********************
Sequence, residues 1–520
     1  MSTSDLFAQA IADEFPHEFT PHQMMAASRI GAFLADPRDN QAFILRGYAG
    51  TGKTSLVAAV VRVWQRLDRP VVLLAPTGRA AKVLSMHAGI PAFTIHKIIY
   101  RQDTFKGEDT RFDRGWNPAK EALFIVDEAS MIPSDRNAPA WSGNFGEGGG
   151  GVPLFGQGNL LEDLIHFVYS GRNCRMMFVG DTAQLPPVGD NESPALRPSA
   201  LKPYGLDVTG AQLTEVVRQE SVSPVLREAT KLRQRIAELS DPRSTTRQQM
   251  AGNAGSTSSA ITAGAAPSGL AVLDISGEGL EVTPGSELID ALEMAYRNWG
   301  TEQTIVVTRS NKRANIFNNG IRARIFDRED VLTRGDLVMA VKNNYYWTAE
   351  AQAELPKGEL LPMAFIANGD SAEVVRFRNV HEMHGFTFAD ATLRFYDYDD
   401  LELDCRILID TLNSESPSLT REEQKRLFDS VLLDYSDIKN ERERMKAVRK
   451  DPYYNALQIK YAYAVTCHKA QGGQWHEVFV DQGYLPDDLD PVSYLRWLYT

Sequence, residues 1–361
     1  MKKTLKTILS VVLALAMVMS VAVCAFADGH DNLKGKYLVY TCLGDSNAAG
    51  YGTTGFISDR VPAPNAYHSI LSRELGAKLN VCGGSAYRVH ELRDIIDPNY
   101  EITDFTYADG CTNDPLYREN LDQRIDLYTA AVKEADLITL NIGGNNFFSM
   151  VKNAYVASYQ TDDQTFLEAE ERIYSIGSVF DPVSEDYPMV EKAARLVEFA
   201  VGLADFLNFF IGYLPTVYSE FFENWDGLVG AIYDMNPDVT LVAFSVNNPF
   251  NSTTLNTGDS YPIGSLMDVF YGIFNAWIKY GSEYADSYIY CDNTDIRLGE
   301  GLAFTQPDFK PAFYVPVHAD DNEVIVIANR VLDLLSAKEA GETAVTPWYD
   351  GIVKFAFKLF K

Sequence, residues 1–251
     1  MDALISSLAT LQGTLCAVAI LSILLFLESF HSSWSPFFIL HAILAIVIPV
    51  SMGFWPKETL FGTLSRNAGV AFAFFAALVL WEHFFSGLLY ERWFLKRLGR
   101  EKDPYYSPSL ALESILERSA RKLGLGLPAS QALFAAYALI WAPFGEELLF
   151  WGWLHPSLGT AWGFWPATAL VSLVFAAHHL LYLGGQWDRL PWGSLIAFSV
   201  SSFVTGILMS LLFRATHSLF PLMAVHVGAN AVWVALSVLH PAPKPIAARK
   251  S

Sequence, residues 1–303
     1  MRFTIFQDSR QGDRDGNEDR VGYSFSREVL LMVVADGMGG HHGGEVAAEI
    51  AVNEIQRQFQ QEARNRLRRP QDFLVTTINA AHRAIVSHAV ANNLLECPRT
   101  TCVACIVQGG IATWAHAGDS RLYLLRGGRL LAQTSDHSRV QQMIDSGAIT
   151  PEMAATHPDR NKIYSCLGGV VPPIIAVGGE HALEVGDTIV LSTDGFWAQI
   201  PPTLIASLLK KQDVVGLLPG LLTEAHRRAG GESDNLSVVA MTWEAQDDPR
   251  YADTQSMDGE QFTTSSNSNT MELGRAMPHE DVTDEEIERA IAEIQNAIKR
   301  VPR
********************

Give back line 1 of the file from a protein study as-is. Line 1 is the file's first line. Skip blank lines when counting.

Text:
Sequence, residues 1–520